Neil Armstrong is one of the icons of modern science and engineering. He helped usher forth a new era of space travel when half a billion people watched him take the first steps on the lunar surface and heard him utter the words “That’s one small step for *a* man, one giant leap for mankind” (which is easily one of the most identifiable quotes of human history).
Armstrong was from Wapakoneta, Ohio. He loved flying and had his first experience with flight at the age of 6, in a plane know as “The Tin Goose” (or more properly referred to as a “Ford Trimotor”). When Armstrong was 14, he started taking flying lessons. At 15, he earned his flight certificate. Around the same time, he also achieved the rank of Eagle Scout in the Boy Scouts of America – an honor and achievement recognized throughout the United States (fun fact: he gave a shout out to the scouts while we was flying to the moon, during scouting’s 1969 National Jamboree).
Armstrong studied aerospace engineering at Purdue University, after which he joined the United States Navy, where he fought in the Korean War. After the war, he returned to school and, upon graduation, started one of the better known aspects of his life – he became a test pilot. This set him up to become an astronaut, and in 1958 he was selected for the Man In Space Soonest program.
His first venture into the final frontier was with the Gemini 8 mission, and he helped preformed the first ever docking of two spacecraft. Of course, Armstrong’s most notable feat comes to us in the Apollo program. The mission, perhaps, is best summed by the words of then President John F. Kennedy:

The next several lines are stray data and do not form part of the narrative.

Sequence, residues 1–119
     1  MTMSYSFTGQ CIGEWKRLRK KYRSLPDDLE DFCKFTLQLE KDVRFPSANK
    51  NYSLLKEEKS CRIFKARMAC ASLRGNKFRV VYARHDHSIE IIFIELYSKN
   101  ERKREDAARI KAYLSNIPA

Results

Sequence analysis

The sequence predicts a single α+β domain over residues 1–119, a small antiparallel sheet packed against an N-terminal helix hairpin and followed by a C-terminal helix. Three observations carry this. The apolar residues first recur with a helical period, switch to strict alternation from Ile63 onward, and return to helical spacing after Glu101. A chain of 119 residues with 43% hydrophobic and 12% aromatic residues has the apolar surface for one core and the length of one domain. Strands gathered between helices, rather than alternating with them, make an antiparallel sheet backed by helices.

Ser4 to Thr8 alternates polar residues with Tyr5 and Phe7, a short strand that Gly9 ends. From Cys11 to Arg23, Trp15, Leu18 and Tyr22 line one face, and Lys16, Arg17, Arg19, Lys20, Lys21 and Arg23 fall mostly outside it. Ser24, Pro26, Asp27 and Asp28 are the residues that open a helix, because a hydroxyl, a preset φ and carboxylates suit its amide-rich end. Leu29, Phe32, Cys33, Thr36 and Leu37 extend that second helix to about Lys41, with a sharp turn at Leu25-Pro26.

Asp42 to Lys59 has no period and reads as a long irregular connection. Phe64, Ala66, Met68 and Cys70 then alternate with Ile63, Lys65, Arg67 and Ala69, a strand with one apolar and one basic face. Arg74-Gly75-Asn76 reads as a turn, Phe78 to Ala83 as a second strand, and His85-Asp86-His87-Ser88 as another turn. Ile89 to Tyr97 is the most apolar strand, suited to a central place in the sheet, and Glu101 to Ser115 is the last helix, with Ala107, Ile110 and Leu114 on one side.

“We choose to go to the moon in this decade, and do the other things — not because they are easy; but because they are hard; because that goal will serve to organize and measure the best of our energies and skills; because that challenge is one that we’re willing to accept; one we are unwilling to postpone, and one we intend to win — and the others, too.”
That is one of the most well know parts of John F. Kennedy’s famous speech, where he challenged America to go to the moon.
On July 16, Neil Armstrong – along with Buzz Aldrin and Michael Collins – sat atop a Saturn V rocket and blasted off, on their way to (hopefully) make history. It took four days for the Apollo astronauts to reach the moon. The Lunar Module landed on the surface of the moon on July 20, and, coming from somebody who watched the moon landing (ok, it was historical footage, but it was the originally aired, uncut footage) I think one of the coolest moments of the moon landing was then the Lunar Module (call sign: Eagle) landed on the moon (where its call sign changes). This is when Armstrong says, “Houston, Tranquility base here. The Eagle has landed.”
The rest, as they say, is history.
After Armstrong was safely back on Earth, he was a celebrity. His post Apollo career includes teaching and investigating space flight-related accidents, among other things. Of course, one of Armstrong’s biggest imprints on society is to serve as an inspiration for the young and the old, and to show us what we are capable of when we are unified behind a single goal.
He died in Cincinnati, Ohio, on August 25, 2012, at the age of 82, after complications from coronary artery bypass surgery.
Armstrong inspired us while he was alive, and he will inspire us long after he is gone. Some people say that, 100 years from now, we will look back at history and we’ll have forgotten our petty wars and conflicts. But we will still remember Apollo 11, the moon landing, Neil Armstrong, and the other great men and women who helped us take our first steps off of planet Earth.
From those of us at From Quarks to Quasars, our fans, and the whole world, thank you, and rest in peace.